I think it was Lord Hailey who pointed out the fact that there must be some national loyalty over-riding Party loyalty before you can really co-operate in forming a Government. In the case of these Indian Parties, there appears to be no over-riding loyalty to India rather than to Party—an over-riding loyalty such as all of us here feel. The noble Viscount, Lord Samuel, referred to this matter and spoke of the three Coalition Governments which we have had in this country. All of us, of course, feel loyalty to the political Party to which we belong, but we all feel an over-riding loyalty to the country which is immeasurably more important than any Party allegiance. It is the absence of that over-riding loyalty in the bulk of the politicians, the members of the Parties in India, which has so far made political advance so difficult. The Congress Party rejected the proposals out of hand, and the others, for the reasons which I have mentioned, were not able to co-operate to form a Government. But the door still remains open, and it still remains the object of the Government to see India enjoying self-government on the lines of the Dominions.

The difficulties are very great, and it may be, one does not know how long. As your Lordships will be aware a great movement has grown up in India lately, the Pakhistan Movement. The Moslem League, by far the largest Moslemic Party and representative of the very largest sections of Moslem opinion, have deliberately formulated a policy of partition rather than live under the majority Hindu rule. I only give that as an example of how deep-seated these political differences are. In spite of these great political differences, India, like us, is at war. The overwhelming majority of the Indian people are whole-heartedly with us in our war effort. I think that, without exception, the peoples of India dislike Hitlerism and all that it stands for as much as we do, in spite of the fact that it has been impossible to make the political advance which we have earnestly striven to make. I should like to pay a tribute to the unwavering patience of the Viceroy in his efforts in approaching the Parties last year, and for the efforts which he has made so successfully in approaching eminent Indians not associated with the principal Parties. In spite of the tremendous patience which he showed in his dealings with the Parties, his efforts failed, but he is going on. This is, I believe, though not a constitutional advance, an effort which does hold out definite hopes that some further constitutional advances may be made in the future.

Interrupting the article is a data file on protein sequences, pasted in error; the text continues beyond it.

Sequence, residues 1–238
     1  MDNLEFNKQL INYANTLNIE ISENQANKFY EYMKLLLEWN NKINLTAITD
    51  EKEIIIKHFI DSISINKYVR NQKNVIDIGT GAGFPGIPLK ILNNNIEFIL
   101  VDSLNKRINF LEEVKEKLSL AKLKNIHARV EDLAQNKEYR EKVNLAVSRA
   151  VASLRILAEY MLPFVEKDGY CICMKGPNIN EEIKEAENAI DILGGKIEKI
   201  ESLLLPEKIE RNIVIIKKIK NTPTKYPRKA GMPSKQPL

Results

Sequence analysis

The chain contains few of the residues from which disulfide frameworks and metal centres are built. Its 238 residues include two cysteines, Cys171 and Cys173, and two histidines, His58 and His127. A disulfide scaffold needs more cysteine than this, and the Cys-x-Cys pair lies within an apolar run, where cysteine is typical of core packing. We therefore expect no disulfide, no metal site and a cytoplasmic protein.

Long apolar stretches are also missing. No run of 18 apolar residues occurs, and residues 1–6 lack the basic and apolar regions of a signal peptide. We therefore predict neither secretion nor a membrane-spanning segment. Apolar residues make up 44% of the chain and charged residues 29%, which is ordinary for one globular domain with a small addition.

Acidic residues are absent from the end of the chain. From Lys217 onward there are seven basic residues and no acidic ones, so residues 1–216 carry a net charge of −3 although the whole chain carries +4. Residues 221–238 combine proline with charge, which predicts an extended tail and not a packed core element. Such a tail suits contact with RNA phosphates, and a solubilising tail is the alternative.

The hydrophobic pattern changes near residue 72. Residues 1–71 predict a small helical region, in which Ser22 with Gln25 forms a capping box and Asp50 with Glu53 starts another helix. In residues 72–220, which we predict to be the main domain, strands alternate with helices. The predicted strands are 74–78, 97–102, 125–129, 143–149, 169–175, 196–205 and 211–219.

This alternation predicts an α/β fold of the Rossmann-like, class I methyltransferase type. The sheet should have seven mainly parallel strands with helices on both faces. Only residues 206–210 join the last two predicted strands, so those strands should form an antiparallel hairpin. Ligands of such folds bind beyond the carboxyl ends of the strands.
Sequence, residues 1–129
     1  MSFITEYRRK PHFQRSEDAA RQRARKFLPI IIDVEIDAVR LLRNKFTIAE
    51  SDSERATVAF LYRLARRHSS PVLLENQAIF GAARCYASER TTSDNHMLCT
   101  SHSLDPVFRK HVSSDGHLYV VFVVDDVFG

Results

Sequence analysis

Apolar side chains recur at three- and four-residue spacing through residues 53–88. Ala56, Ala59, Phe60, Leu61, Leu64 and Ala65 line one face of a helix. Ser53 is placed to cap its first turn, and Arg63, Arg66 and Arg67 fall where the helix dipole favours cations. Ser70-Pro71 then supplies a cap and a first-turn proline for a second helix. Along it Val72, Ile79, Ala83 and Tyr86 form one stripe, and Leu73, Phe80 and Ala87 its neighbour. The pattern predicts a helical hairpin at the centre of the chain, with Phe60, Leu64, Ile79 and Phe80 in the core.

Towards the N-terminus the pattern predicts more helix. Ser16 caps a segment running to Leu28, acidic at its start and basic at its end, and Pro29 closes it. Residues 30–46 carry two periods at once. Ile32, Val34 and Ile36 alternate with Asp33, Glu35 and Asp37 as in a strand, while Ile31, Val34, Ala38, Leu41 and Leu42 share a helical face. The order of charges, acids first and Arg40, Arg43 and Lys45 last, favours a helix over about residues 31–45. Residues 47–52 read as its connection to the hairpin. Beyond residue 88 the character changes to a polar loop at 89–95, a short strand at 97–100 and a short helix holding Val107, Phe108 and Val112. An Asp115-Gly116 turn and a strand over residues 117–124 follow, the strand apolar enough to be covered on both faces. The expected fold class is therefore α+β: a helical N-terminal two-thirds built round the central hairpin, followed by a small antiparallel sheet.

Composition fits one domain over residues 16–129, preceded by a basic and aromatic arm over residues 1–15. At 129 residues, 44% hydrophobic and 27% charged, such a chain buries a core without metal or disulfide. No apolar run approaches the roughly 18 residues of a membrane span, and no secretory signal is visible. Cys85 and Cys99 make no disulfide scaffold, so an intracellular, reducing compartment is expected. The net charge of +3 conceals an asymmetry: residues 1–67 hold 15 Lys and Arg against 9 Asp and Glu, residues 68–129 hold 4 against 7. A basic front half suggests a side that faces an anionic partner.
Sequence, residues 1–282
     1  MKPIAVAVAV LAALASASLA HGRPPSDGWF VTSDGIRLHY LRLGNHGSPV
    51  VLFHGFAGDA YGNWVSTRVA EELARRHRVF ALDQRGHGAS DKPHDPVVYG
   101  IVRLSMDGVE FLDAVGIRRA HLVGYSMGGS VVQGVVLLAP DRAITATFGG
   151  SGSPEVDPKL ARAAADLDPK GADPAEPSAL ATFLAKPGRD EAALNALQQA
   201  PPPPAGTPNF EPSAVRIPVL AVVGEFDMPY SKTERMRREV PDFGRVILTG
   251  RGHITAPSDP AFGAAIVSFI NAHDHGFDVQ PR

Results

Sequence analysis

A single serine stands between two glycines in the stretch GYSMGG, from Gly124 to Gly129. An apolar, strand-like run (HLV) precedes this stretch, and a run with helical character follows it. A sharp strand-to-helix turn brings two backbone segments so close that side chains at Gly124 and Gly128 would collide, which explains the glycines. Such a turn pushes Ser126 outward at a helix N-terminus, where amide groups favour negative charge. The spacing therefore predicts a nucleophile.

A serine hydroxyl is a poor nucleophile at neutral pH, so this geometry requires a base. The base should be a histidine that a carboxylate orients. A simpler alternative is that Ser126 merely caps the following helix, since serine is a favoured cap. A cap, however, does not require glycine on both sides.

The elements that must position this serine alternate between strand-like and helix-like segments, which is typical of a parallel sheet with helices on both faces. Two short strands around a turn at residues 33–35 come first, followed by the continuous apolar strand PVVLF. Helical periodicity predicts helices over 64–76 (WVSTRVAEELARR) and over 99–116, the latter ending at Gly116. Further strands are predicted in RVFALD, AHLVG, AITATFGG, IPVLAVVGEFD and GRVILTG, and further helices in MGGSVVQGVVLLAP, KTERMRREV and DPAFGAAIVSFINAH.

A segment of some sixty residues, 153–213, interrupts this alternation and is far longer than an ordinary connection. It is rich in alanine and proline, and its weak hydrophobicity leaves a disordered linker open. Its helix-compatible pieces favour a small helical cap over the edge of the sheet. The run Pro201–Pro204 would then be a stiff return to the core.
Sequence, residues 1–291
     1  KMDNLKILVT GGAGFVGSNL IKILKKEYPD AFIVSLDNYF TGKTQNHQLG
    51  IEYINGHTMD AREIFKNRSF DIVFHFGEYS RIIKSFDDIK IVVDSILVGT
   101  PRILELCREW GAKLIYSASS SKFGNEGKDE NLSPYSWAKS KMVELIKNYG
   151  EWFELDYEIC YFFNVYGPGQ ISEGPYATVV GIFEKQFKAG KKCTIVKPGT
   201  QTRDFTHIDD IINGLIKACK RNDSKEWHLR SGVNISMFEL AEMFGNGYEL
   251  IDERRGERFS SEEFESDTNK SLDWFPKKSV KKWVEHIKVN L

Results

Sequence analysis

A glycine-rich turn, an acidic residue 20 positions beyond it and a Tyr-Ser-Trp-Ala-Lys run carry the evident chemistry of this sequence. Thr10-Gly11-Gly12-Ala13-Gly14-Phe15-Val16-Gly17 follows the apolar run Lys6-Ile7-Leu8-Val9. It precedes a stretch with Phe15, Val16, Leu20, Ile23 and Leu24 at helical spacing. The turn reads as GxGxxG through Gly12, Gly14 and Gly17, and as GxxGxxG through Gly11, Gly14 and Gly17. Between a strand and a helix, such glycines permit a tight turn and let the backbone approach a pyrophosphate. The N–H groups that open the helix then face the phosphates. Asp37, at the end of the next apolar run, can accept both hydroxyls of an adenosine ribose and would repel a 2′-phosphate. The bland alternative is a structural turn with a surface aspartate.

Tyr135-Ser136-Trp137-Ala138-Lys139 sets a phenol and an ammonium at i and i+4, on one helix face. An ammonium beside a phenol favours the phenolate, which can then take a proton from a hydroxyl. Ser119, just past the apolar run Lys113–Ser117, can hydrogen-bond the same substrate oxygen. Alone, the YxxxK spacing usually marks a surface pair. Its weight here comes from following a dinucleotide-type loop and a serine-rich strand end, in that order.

We have on this new Council, as Viscount Samuel pointed out—this Council which now consists of eight Indians and four Europeans—a number of people whose names are household words in India and who will command a very large measure of respect throughout the whole country. We have Sir H. Mody, a great industrialist, at the Department of Supply. Then there are Mr. Ragavendra Rao and Sir Firoz Khan Noon, both friends of ours, both of whom we shall sadly miss from London, at Civil Defence and Labour respectively. Here, if I may break off for one moment, I would like to refer to the criticism of the allocation of certain offices. I think Lord Catto dealt admirably with that criticism. It surely must be left to the Viceroy to distribute portfolios as he thinks fit. He has chosen Indians of great eminence for the most important tasks. The criticism can be dealt with by pointing out that there are no such persons as junior or senior Ministers. These Ministers are equal. They will have equal voices in respect of the weighty measures which they will discuss, and equal powers of making their views known to the Viceroy. The criticism I think was unworthy.

To return to the constitution of the Council we have also got an elder statesman of unrivalled experience, Sir Akbar Hydari, as Member for Information. We have that independent and courageous politician, Mr. Aney, and a very eminent lawyer, Sir Sultan Ahmed, and others. I need not recite the names of them all. It is a list which does really represent a tremendous body of authority and which will, as I have said, command respect throughout India. The newly-formed Defence Council will be composed almost entirely of Indians, except for one representative of the European commercial community and one of the Anglo-Indian community. It contains many Indian representatives of Labour and it contains a woman, the Begum Shah Nawaz. I have been at pains to make it clear that this development is not a constitutional development, and it is not intended as a constitutional development. I want to make this plain because I think that criticism which has been passed on this development in India is based partly on the belief, or perhaps I should say on the suspicion, that this is an effort to show constitutional advance and to fob India off with a nominated rather than a popularly-elected Government. This is not so.

I have been at pains to emphasize that this is not regarded as a constitutional advance—not even as an instalment of constitutional change. Having said that much, I think it not inappropriate to express the hope that it may in time lead to constitutional advance. It is an earnest of our real desire to associate Indians with the Government of their country and with the war effort. It is evidence of the fact that we trust Indians and are willing to give them a majority on the Executive Council. The spectacle of Indians of the eminence of these gentlemen who will now be associated with the Government carrying on the vital business which they will be carrying on, will, I believe, not fail to have a beneficial effect upon Indian opinion generally and will ultimately, I hope, make it possible for that constitutional change which we so earnestly desire to see come about, when we may see Indians governing their country and India taking her rightful place as a self-governing member of that great Commonwealth of Nations which is now giving such a wonderful example to the world.

On Question, Bill read 2a and committed to a Committee of the Whole House.